In the wake of a data breach that followed a routine regulatory, a former regulator is asking why the agency failed to disclose the breach sooner, and why it has not accepted more responsibility for its error.
The response by Sony Pictures Entertainment executives to the hack attack against their company provides a number of great examples for how to not to handle a data breach. Here are 7 key mistakes they made.
A federal judge has denied Target's motion to dismiss a consolidated class action lawsuit filed on behalf of consumers affected by the retailer's December 2013 data breach. The move follows a similar ruling regarding a class action lawsuit involving banks.
Without ceremony, President Obama has signed five cybersecurity-related bills, including legislation to update the Federal Information Security Management Act, the law that governs federal government IT security.
Legislation approved by Congress seeks to cement the long-term role of the National Institute of Standards and Technology in working with industry to develop cybersecurity best practices that critical infrastructure operators can voluntarily adopt.
Congress this week passed four cybersecurity bills, and a commonality among all of the measures is that they strengthen the Department of Homeland Security as a cybersecurity force within the federal government.
For the first time in a dozen years, Congress has passed and sent to President Obama for his expected signature major cybersecurity legislation, including a bill to update the law that governs federal government IT security.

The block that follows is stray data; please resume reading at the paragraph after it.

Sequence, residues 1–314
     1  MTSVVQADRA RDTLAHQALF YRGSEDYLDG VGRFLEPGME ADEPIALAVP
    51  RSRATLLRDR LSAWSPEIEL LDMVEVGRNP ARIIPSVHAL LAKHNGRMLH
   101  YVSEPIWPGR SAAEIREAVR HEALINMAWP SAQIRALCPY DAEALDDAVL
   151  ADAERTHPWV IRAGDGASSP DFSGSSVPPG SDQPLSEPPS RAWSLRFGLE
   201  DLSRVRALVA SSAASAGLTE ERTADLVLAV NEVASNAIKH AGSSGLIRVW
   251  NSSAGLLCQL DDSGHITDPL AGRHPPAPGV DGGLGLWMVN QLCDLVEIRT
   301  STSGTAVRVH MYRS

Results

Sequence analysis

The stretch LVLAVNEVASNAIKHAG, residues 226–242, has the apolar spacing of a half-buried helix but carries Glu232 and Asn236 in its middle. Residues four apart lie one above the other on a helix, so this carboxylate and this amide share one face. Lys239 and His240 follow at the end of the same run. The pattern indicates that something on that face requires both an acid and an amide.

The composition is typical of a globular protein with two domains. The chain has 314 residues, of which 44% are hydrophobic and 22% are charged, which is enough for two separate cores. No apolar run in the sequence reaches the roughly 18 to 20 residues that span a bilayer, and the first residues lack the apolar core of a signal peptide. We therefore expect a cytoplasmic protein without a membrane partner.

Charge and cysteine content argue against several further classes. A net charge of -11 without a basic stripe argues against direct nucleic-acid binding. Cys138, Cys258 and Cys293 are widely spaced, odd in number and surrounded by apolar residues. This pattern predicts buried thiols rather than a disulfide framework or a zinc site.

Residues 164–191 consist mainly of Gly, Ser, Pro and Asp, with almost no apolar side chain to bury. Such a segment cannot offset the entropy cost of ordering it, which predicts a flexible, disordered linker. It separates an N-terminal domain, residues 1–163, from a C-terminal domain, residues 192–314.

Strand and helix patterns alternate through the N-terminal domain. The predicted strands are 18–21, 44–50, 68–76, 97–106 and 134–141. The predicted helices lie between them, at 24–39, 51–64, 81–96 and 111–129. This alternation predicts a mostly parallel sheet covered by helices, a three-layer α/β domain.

Federal regulators are sending a powerful message about the importance of applying software patches by slapping an Alaska mental health services providers with a $150,000 HIPAA sanction. Learn what's included in the corrective action plan.
Like the Target breach a year ago, the Sony Pictures Entertainment hack that's grabbed recent headlines will prove to be a catalyst for change, grabbing the attention of CEOs and board members and spurring them to beef up information security.
The latest entrant into the password "hall of shame" is Sony Pictures Entertainment. As the ongoing dumps of Sony data by Guardians of Peace highlight, Sony apparently stored unencrypted passwords with inadequate access controls.
Lawmakers and their staffs are working behind the scenes to get one or perhaps two pieces of cybersecurity legislation enacted before the 113th Congress adjourns this month. But passage remains a longshot.
Who hacked Sony? Not us, say the North Koreans, ending days of silence. As Deloitte becomes the latest victim of the G.O.P. gang that's claimed credit, one thing is certain: Sony won't have to buy the movie rights to this hacking story.
A federal judge has denied Target's motion to dismiss a class action lawsuit brought against it by several banking institutions following the retailer's December 2013 data breach that exposed 40 million credit and debit cards.
Retailers say tokenization and encryption are critical to ensuring payment card data security. Aite's Natalie Reinelt describes how merchants will use layers of security to protect data at the point of capture.